Auditor raises election profile
Wednesday, January 2, 2002
JEFFERSON CITY, Mo. -- State workers spending lavishly on lunches and dinners. Transportation employees testing their heavy machinery skills in state-funded contests. The state Water Patrol with more boats and vehicles than employees.
Those are just some of the targets of Democratic State Auditor Claire McCaskill, who has been highlighting what she considers government waste and abuse since taking office in January 1999.
With each audit, McCaskill also has been building valuable political capital and raising her profile in what could become a run at higher office in the next few years. She readily acknowledges that she is considering a campaign for governor in 2008.
First, however, McCaskill has to win a second four-year term as auditor in the 2002 election. Besides a special election for the U.S. Senate, the auditor's office is the only statewide position up for grabs this year.
In 1998, McCaskill defeated Republican Chuck Pierce 50 percent to 46 percent out of more than 1.5 million votes cast.
McCaskill, a former Jackson County prosecutor and member of the state House, has produced more than 400 audits since she was elected. Naturally, she concedes, the audits are going to increase her visibility during a re-election campaign.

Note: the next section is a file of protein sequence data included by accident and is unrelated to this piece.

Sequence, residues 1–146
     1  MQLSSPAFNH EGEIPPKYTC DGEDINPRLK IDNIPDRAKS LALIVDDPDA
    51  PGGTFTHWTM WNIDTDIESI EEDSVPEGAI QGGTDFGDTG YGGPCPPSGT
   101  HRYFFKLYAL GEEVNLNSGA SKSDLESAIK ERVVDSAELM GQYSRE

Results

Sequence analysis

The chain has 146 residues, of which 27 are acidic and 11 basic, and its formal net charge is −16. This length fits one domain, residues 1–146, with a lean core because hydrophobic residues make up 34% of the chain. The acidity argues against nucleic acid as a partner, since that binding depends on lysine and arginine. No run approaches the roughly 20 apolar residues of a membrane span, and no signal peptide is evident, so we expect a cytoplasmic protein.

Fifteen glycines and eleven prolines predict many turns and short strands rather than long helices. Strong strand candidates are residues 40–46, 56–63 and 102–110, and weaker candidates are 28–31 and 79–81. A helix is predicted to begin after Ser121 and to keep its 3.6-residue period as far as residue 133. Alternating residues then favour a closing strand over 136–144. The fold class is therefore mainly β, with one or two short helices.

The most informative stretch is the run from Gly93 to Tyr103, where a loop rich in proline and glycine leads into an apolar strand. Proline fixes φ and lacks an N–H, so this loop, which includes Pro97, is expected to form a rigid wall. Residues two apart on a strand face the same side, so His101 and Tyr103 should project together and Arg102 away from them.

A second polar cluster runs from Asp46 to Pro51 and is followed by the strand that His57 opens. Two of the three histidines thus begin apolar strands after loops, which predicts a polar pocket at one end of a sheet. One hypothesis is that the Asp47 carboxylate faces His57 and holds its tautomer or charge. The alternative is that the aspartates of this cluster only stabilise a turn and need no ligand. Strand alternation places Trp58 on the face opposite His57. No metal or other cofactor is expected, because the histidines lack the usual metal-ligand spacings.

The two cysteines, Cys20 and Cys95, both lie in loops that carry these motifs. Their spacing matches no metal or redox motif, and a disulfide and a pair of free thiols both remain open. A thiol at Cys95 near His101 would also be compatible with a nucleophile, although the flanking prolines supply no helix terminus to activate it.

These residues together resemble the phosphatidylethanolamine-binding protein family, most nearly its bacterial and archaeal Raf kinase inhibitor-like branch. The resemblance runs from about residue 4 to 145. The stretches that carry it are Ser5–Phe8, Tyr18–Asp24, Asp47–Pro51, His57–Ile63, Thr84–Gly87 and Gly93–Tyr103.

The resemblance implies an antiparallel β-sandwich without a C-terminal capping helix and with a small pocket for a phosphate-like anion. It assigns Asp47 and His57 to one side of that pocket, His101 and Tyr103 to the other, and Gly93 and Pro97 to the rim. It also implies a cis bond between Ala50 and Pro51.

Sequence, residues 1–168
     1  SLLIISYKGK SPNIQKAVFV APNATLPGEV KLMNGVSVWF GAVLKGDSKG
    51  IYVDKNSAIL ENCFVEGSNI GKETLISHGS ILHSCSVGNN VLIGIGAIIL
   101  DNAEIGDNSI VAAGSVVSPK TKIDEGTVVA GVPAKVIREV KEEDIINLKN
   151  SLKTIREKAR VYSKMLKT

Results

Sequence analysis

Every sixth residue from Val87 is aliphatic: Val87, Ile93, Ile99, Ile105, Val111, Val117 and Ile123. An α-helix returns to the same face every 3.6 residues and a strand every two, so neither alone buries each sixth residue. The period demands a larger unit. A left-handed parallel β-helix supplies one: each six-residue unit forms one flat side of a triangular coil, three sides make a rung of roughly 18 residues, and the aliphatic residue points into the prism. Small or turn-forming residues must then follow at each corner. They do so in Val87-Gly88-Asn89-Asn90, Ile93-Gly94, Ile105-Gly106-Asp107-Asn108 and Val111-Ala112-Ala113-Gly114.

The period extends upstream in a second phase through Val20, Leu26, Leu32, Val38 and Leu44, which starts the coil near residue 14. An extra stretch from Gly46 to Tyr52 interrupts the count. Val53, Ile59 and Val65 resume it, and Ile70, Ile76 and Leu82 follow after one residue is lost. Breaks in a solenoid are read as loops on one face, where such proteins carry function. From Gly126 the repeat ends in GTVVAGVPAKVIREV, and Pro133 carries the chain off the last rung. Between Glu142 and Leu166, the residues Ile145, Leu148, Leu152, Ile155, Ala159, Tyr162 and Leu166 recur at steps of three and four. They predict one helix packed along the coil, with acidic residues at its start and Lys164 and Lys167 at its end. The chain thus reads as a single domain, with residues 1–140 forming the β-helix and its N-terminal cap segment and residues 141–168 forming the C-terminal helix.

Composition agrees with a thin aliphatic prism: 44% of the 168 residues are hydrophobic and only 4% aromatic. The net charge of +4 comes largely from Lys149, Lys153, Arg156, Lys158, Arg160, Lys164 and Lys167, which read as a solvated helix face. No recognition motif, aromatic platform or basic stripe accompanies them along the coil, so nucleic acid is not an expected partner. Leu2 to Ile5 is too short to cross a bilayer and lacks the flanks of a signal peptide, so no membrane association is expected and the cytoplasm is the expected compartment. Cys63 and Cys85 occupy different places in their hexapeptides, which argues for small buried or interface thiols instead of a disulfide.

"I think we're in pretty good shape. I think what people expect is for candidates to be straightforward about what they are going to do," McCaskill said. "I feel comfortable that we have done exactly what we said we were going to do."
Stepping on toes
There is little doubt that her audits have caused hard feelings and possibly stepped on the toes of potential political contributors, McCaskill said.
For example, McCaskill said an audit critical of nursing home care may have cost her, but she makes no apologies for a job she calls a "negative exercise" in many cases.
Scott Baker, a spokesman for the Missouri Republican Party, said the GOP is searching for a challenger who can counter McCaskill's healthy output of audits.
"She has been very aggressive, but if we can find a strong candidate that can connect with voters, that can be a key factor," Baker said.
McCaskill's numerous audits may turn off some voters, who view them as mere evidence of her political ambitions, Baker said.
"People understand that some of things she does is for down the road in her political career," Baker said. "She has been up front about wanting to move to bigger and better things and that state auditor is just a stepping stone. People may not appreciate that."
McCaskill said her audits naturally result in publicity and positive reactions from potential voters since she tackles areas of public interest.
"Really, the power of this office is audit selection," she said. "Now, if we make a good decision about what to audit, people are going to be interested in it. And if we audit things that people care about, then people write about them. It's not like we're sitting around thinking about what audit will get the most press."
One potential Republican challenger to McCaskill is state Sen. Michael Gibbons, R-Kirkwood, who told The Associated Press that he had been asked to consider a campaign.
"I have been approached about it, but I don't know. I'm kind of lukewarm to the idea because I just got elected to the Senate and I'm in a position to make positive changes for the state," Gibbons said.
Gibbons can challenge McCaskill knowing a loss would still leave him in the Senate. Yet he conceded that it would be a hard race.
"She is the incumbent and she has been an active auditor," Gibbons said. "I think she would be a formidable opponent."